Mission Possible: Securing and liberating Android 4.4

{X} This is an incomplete and propably also out-of-date article written in Mid-2015


As already stated, I think the "Mission Impossible"-Article is still great and probably the most-complete tutorial, so I won't rephrase the article but instead list the things which are either outdated or missing from my point of view. There are some things I disagree with, so I'll try to explain why I chose another route. Actually these are the things which I'd like to read before 1-2 weeks, so I hope it will be useful.

Choosing the right ROM

TL;DR = Unless you have a device which is supported by Replicant, choose OmniROM. If there isn't already a OmniROM build for your device, try to make one - it might still be easier than securing CyanogenMod. If all fails, use CyanogenMod (or look for other ROMs).

In 2014, Cyanogenmod was probably still the best choice, although it became already clear that this won't last long. In 2015, when using Cyanogenmod while targeting for a fully OpenSource ROM, you have to actually work heavily against it (like removing Google Analytics and other proprietary stuff). It doesn't seem that this will change in future, given that the CM Devs founded a company (Cyanogen Inc.), started to commercialize the project and are currently having a partnership with Microsoft. So in 2015, CM doesn't seem to be a good base any longer, and I would generally recommend OmniROM instead of CM (if it is already available for your device). OmniROM is AOSP-based, community-driven and aims to be a fully OpenSource ROM - it's basically a reaction to the commercialization of CM. OmniROM has also a much more advanced built-in tool for handling permissions for Apps and comes with some developer tools which might be handy.

((The developer of the free-cyangn project, which removes Google Analytics from CM (and also substitutes some other proprietary bindings) switched to OmniROM, too, but he is still maintaining the free-cyangn code.

((The Replicant project is currently based on CM, but is also thinking about using OmniROM as a base in future. I think it would actually make much sense to see those projects merged together, given that they both aim to be fully OpenSource.

Google Apps

TL;DR = Don't use Google Apps.

I would strike the "Google Apps" part completely, even if it is marked as optional. I think it would better to write a part about why you should not install Google Apps. It should state that:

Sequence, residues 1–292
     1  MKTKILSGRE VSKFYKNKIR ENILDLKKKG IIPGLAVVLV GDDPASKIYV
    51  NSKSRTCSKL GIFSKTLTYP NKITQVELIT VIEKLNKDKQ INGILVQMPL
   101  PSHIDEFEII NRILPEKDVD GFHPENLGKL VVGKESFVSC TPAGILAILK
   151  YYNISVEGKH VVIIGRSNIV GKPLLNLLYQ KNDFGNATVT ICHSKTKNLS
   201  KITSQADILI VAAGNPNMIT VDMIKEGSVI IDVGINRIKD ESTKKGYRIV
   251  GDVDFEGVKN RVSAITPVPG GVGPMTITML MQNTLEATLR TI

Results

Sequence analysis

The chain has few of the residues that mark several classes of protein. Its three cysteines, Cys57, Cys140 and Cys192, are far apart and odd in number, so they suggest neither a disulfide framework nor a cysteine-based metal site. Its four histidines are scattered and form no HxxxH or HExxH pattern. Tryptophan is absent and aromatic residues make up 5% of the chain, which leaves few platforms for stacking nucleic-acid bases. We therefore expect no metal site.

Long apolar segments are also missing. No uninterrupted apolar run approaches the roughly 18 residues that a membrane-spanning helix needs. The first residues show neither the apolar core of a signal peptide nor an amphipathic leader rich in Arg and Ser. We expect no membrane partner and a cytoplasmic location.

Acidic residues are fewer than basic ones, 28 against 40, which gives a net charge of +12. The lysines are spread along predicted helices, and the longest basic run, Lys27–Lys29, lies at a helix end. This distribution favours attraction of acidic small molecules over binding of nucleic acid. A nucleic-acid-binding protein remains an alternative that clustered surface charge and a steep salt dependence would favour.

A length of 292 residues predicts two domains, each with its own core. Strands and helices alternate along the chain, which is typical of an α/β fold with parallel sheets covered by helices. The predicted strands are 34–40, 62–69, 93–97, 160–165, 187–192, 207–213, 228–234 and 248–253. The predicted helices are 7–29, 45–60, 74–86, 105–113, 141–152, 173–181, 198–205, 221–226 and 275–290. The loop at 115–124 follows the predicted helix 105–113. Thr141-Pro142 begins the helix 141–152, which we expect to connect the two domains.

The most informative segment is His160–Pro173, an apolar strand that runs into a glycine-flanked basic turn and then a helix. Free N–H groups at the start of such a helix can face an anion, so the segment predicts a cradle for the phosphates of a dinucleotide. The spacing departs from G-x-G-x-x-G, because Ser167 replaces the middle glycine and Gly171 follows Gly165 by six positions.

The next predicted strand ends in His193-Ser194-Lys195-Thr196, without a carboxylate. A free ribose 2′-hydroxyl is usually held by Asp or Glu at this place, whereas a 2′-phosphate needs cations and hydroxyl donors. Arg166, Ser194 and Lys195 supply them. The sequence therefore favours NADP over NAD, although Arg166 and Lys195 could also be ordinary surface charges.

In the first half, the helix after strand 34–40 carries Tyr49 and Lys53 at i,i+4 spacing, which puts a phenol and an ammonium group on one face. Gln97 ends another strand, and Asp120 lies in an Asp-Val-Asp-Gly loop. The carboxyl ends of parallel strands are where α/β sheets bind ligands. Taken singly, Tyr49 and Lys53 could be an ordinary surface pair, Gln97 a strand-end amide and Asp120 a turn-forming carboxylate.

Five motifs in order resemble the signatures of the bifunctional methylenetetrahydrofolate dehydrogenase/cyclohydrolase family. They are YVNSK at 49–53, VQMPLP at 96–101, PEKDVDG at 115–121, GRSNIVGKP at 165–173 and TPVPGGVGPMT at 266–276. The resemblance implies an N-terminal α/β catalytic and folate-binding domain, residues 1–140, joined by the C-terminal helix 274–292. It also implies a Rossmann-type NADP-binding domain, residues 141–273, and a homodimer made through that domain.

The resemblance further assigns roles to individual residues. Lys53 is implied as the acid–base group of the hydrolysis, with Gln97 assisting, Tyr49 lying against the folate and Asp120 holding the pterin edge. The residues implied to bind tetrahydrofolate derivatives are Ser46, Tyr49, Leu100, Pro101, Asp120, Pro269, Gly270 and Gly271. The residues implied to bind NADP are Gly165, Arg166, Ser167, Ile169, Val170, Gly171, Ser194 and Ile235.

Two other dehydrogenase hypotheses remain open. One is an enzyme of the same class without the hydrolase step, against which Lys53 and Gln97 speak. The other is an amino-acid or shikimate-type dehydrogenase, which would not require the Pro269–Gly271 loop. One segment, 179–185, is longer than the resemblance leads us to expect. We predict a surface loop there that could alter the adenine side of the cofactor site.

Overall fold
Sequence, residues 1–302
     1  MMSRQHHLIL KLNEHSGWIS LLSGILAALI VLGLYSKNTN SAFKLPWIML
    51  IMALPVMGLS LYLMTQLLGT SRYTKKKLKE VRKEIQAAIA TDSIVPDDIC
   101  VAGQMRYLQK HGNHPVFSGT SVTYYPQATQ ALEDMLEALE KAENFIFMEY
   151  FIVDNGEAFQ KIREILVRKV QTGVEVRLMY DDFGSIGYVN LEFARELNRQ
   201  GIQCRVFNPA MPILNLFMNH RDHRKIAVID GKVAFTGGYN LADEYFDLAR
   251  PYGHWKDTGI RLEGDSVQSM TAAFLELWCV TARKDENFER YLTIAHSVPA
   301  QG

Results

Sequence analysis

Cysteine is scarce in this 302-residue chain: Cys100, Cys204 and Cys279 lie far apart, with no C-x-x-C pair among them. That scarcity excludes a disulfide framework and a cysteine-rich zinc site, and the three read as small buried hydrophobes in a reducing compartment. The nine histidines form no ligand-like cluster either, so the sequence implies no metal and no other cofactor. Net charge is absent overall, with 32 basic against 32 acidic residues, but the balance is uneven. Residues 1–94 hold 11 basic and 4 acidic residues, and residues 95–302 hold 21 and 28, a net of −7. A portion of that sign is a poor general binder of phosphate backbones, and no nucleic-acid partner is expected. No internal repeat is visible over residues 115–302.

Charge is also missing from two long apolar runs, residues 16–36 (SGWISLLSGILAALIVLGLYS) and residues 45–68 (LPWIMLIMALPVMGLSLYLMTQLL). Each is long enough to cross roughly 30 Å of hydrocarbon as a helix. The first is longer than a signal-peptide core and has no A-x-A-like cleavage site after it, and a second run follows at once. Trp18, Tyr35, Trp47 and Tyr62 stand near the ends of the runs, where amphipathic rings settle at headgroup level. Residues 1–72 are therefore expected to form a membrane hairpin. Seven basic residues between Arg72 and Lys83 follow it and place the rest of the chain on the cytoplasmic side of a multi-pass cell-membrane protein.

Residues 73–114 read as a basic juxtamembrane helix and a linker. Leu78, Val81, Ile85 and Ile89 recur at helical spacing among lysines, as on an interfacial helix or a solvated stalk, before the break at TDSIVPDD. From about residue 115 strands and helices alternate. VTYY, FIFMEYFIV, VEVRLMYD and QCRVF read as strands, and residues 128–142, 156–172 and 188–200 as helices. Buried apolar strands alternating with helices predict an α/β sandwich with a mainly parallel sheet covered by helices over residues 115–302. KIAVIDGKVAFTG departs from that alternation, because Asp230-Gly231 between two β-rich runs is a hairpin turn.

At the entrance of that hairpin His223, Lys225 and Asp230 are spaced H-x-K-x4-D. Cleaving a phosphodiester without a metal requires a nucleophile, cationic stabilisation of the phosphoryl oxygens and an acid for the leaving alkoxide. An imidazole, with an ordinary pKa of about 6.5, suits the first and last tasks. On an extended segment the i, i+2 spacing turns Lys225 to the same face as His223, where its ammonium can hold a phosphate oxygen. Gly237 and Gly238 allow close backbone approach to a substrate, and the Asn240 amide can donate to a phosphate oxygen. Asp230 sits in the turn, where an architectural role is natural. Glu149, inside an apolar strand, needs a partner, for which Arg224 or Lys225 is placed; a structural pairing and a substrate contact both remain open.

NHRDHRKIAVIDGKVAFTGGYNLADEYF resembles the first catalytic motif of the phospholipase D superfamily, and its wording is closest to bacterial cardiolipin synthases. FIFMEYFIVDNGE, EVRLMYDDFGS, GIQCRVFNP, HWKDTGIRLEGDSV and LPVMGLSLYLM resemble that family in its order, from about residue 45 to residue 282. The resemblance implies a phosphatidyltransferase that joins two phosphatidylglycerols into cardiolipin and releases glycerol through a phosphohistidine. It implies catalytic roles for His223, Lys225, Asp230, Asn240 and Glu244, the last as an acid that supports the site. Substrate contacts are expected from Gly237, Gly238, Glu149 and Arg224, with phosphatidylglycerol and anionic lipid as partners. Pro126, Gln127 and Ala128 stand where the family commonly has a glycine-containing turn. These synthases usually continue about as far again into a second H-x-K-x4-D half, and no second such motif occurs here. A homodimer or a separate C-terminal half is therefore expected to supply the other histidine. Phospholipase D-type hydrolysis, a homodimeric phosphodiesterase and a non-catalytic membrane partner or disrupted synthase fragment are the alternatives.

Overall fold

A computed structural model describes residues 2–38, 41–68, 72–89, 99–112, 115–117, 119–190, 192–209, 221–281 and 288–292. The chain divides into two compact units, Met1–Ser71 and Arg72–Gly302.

Of course, it's possible to disable access to nearly everything like the author of the MI-Article did - which is a lot of hassle - but if you succeed, you're actually not getting a secure device, but only a secure snapshot. There will be updates for Google Apps, and you will have to adjust. So, when installing Google Apps you are actually leaving the "Mission Possible" route and are back at "Mission Impossible".


Preparing the Installation

gpg --recv-keys DD5DCE7A
gpg --verify org.fdroid.fdroid_910.apk.asc org.fdroid.fdroid_910.apk

/!\ Superuser: OmniROM doesn't come with a bundled Superuser-App, so you will have to provide your own. Unfortunately I didn't try if it's possible to just simply install the one from F-Droid after first boot, I downloaded and flashed it manually


After flashing TWRP, reboot into it. Use ADB to push your ROM (and ROM Checksum) and flash it with TWRP. Don't reboot now, but if you ever reboot manually from TWRP, you might be asked if you want to install SuperSU - do not confirm. You want to use "Superuser" instead, which is OpenSource.

Remove Components

I recommend to remove any shipped APKs which you don't need or want, are proprietary, unsafe to use or hurt your privacy. They are located in either /system/app or /system/priv-app/. While still in recovery mode, you can easily use "adb pull /path/to/apk" to make a backup, and "adb shell rm /path/to/apk" to remove them. Packages I removed on both, CM+OmniROM:

Sample Code (only works for APKs located in /system/app/):

for app in Email Browser Apollo SoundRecorder ; do
        echo "removing $app"
        adb pull /system/app/${app}.apk "${app}.apk" && adb shell "rm -f /system/app/${app}.apk"


Packages I removed on CyanogenMod (or: why you shouldn't use CM):

There are probably much more packages which I would have removed, but after I realised that the CM developers had also integrated Google Analytics, it became clear that CM is a "Mission Impossible" of it's own. If you have to use CM, it's probably best to start with the free-cyangn tool which subtitutes the built-in Google Analytics with NoAnalytics. I did not, I switched to OmniROM. Note that the developer of free-cyangn also switched to OmniRom, so he is not developing it further, but he is still maintaining it.